3.62: Amending pleading
3.65: Permission of Court to amendment before or after close of pleadings
3.66: Costs
3.68: Court options to deal with significant deficiencies
3.74: Adding, removing or substituting parties after close of pleadings
5.32: When information may be used
5.33: Confidentiality and use of information
13.6: Pleadings: general requirements

Case Summary

The Plaintiff was a former employee of the Defendant, Enbridge, and during his employment the Plaintiff had a relationship with the individual Defendant, Scratch. When the relationship was brought to Enbridge’s attention, the Plaintiff was dismissed for cause. The Plaintiff commenced separate Actions against Enbridge and Scratch which were consolidated by consent. The Plaintiff applied to file an Amended Statement of Claim seeking, among other things, to add Scratch’s partner Holden as a Defendant on the basis that the individual Defendants conspired to have him fired. He also sought an Order waiving Rules 5.2 and 5.33.

Scratch and Holden argued that the Amended Statement of Claim contained impermissible evidence in breach of Rule 5.33 (implied undertakings). Further, Scratch argued that, if the Court allowed the amendments to the Statement of Claim, she was entitled to Costs pursuant to Rule 3.66. Holden argued that there were insufficient facts to add him as a Defendant for conspiracy. He also argued that the amendment Application was brought in bad faith and that the contents were frivolous, irrelevant and designed to embarrass, contrary to Rule 3.68(2).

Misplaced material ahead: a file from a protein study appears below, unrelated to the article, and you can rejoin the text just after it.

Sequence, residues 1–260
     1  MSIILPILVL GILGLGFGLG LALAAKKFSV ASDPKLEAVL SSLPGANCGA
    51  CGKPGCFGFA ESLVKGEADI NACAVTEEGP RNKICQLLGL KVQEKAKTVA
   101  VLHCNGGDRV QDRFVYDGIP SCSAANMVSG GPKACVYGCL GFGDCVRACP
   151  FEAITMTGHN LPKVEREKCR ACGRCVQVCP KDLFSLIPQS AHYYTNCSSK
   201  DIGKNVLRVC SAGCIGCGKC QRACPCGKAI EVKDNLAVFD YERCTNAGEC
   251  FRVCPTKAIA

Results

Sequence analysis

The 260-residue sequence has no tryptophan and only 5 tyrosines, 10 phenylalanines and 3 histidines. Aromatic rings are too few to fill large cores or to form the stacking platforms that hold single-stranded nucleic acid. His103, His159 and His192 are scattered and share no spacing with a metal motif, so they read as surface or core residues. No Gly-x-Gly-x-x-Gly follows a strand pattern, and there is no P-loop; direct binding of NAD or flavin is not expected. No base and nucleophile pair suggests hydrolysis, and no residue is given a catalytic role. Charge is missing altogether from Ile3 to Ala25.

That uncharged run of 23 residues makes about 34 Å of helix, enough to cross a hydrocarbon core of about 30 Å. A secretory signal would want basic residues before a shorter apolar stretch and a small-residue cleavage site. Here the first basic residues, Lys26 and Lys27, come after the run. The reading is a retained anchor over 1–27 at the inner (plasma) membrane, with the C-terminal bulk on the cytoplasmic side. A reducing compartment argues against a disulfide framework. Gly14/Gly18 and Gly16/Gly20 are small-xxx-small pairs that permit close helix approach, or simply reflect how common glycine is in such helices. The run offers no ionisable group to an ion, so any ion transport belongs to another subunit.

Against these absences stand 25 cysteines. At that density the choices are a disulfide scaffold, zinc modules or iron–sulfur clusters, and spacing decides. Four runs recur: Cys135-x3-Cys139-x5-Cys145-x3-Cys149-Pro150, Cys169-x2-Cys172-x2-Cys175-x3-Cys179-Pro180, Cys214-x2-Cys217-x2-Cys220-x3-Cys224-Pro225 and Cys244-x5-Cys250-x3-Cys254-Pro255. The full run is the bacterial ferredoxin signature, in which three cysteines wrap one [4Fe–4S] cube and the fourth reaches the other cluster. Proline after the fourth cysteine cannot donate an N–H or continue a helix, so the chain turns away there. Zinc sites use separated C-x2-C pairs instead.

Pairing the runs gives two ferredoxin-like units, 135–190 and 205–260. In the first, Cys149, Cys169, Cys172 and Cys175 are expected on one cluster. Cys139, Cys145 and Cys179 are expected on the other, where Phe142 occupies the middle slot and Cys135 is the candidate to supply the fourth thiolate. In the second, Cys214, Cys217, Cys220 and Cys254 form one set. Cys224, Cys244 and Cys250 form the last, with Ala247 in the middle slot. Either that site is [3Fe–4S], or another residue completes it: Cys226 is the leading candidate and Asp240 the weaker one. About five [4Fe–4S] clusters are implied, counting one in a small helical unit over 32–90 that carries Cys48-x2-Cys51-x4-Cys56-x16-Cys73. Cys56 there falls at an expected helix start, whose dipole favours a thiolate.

Justice Tilleman reviewed the relevant Rules and held that the Rule against implied undertakings in Rule 5.33 is only infringed if information from pre-Trial discovery is used beyond the scope of the litigation in which it has been obtained. The production relied upon by the Plaintiff to seek the addition of Holden as a Defendant was not beyond the scope of the litigation in which it was discovered, and was therefore not in violation of Rule 5.33. Tilleman J. also held that there were communications that met the threshold to add conspiracy as a cause of action against both Scratch and Holden, and therefore granted permission to add Holden as a Defendant under Rule 3.74(2)(b).

Justice Tilleman observed that the Amended Statement of Claim contained a significant amount of content that was superfluous, salacious, or in breach of Rule 13.6(2)(a), which provides that a Pleading must state the facts on which a party relies but not the evidence by which the facts are to be proved. His Lordship ordered the removal of irrelevant, salacious and redundant information in the Amended Statement of Claim.

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